Fall is here, the times they are a changin’ – literally!  The time changed yesterday, and after adjusting to the early morning wake-up call with my son, I couldn’t wait to get into the kitchen for this month’s edition of The Pass – “Too many leftovers…Thanksgiving 2.0”  I love Thanksgiving, spending time with family, eating food all day {and I mean all day}{especially the carb loaded items, stuffing, pie, mashed potatoes, noodles}, and I love making the traditional Thanksgiving foods.  About 10 years ago, I took over making the main points of Thanksgiving – the turkey, mashed potatoes, sweet potatoes, stuffings/dressings, a couple of veggie sides, the rolls, and sometimes a dessert.  My family members then fill in the gaps with casseroles, salads, side dishes, crudite and cheese platters, and anything else they are hungry for and want to bring.  Typically things are the same year after year…traditions are strong in our family!  

Our typical Thanksgiving Day looks like this – cook in the morning, go to Grandma’s, snack on veggie and cheese trays, eat the main meal at lunch time, eat desserts/snacks/drink caffeine all afternoon, we re-heat leftovers at dinner time, then head home stuffed and exhausted.  Then the next day, I have a fridge full of miscellaneous leftovers, and I am borderline too tired to cook.  {Say, what?!?}  This is where my dilemma always comes in – I have miscellaneous scraps of leftovers, but I don’t want to eat them in the same way again.  I want them to be transformed into something else.  I want them to feel like a different meal.  To be honest, this is how I feel about most foods/dinners that I make – I want them to have another “out”, another option, another purpose, another future.  For example, I make a pot of chili – I want to have chili one night, I want chili mac one night, and later I want a chili dog or chili cheese fries.  Haha!  But to have chili in the same form potentially 3 nights in a row, nuh uh, no way!  I just can’t!

I haven’t exactly narrowed down why this is the case, but it must be the chef in me.  I want options, I want change, I want new flavor combinations, new textures, I want it to be re-invented especially if I am going to eat it multiple times.  I get bored easily, I guess.  My husband could eat the same thing every day {in fact, he basically does}, and he does not have any issue with it – and I take 5 bites of something and I am already thinking about how I could improve it, how I could turn it into something else, how I could add something to it – so that I will eat it again and look forward to eating it again.  And this is where this month’s edition of The Pass comes in!  If I were to re-make Thanksgiving leftovers into something else, what would it be!?!  Well, folks, here it is – my version of Thanksgiving revamped, rejuvenated, and really pretty easy – Thanksgiving 2.0.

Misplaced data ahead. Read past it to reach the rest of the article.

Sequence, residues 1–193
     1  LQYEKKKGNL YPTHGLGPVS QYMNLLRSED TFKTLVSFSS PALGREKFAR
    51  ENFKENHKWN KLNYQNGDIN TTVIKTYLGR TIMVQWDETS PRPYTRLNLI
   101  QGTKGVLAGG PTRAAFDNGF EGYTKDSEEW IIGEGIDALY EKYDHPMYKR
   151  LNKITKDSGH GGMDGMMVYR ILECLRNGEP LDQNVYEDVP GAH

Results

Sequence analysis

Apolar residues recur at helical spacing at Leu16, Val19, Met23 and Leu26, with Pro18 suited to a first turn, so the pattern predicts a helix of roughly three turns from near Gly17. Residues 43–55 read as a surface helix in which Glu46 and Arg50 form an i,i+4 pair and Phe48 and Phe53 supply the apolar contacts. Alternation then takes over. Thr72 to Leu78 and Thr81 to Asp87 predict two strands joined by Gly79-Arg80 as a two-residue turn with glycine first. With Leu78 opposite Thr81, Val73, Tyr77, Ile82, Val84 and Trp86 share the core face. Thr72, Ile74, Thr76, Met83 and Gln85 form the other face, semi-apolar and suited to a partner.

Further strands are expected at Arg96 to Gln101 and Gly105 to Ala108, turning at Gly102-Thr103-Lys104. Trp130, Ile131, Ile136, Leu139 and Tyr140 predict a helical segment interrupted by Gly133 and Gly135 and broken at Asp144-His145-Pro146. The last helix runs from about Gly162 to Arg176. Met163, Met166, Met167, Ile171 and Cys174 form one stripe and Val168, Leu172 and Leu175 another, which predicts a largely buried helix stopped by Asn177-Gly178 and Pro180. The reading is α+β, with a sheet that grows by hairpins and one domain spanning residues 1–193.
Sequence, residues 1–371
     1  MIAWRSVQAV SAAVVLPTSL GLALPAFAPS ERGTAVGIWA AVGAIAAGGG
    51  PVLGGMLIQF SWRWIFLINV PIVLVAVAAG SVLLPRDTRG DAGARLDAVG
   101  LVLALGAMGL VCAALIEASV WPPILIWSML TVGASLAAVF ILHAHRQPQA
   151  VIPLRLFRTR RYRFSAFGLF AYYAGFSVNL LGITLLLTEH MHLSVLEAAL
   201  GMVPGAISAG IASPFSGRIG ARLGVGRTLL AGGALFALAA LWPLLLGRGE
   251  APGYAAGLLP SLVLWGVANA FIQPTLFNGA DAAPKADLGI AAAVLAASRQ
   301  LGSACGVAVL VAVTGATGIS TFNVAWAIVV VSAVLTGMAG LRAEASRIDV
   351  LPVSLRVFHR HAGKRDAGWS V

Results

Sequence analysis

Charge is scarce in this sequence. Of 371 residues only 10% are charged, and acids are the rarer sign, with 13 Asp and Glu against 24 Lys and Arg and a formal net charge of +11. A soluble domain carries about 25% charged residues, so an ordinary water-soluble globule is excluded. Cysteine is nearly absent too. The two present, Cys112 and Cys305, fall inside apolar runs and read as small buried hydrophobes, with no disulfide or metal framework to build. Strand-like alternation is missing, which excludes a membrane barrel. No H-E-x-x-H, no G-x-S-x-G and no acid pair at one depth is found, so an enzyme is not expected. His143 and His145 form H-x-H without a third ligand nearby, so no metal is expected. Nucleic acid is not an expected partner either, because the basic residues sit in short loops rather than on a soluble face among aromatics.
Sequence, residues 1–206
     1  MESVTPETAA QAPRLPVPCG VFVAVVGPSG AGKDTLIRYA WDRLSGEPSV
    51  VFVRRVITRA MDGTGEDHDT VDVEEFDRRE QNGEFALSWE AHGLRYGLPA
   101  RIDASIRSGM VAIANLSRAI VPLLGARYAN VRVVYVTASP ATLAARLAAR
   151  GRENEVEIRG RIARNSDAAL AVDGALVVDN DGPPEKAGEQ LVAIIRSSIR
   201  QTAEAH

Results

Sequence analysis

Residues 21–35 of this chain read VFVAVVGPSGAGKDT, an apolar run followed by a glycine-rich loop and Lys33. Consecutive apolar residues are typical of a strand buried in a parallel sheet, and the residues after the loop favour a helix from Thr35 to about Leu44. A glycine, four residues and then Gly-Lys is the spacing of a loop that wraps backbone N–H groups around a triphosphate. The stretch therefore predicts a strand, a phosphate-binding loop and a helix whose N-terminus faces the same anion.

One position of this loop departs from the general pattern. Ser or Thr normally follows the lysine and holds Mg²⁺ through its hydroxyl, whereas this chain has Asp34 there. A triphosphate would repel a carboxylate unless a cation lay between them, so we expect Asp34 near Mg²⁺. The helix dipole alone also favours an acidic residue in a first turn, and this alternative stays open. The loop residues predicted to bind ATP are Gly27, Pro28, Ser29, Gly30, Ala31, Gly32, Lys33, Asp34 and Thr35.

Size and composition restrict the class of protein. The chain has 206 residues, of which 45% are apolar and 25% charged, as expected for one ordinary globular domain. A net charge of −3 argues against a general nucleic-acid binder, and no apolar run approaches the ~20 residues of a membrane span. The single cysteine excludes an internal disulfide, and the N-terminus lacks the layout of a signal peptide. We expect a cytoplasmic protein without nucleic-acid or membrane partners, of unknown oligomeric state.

I wanted this meal to be easy and realistic with the same components of Thanksgiving and with a few upgrades.  I wanted it to be able to be made without making a huge mess in the kitchen, too.  For those of you that spend the whole day, or two days, in the kitchen making food for 10+ people – the last thing you want to be doing is making the kitchen a mess, using up a bunch of dishes, etc. in the days that follow.   I also wanted it to be “all encompassing”, in a way that you could use several ingredients, and use said ingredients no matter the quantity of the leftover situation.  So, I hope that this meal offers a few ideas, but also offers a lot of flexibility as to the options that can be used in it.  I am going to explain what I made, and why – but also offer some options and suggestions that might work well with this dish, too.  It all really depends on your family’s traditions and, of course, the odds and ends of leftovers that you come home with.

To help delineate between the Thanksgiving food prep, versus the Thanksgiving 2.0 version – I have put some of the following text in Italic.  The Italic version are the steps/process that I made from the original Thanksgiving meal dishes – i.e. the leftovers – the 2.0 Version, if you will.

So, let’s get started – Sweet Potato Gnocchi {with Star Anise Brown Butter}, Bacon Braised Brussels Sprouts, Turkey ‘Confit’, and Cranberry Aigre-doux.

Let’s start at the bottom and work our way up, so – Sweet Potato Gnocchi.  On Thanksgiving, I always make standard mashed potatoes, and some sort of sweet potato.  When it comes to mashed potatoes – I am a traditionalist – I like Russets or Yukon Gold {or a combination}, I like them with lots of milk/cream, lots of butter, some salt, and I like them with some lumps in them.  {Like my grandma used to make}.  However, when it comes to sweet potatoes, I want them to be smooth, creamy, with little to no butter, and a light salt and spice.  I like them to taste like sweet potatoes.  And, I always have to plan my sweet potato preparation based on oven or stove space, timing, etc. with all of my other à la minute prep-work and my other holiday duties.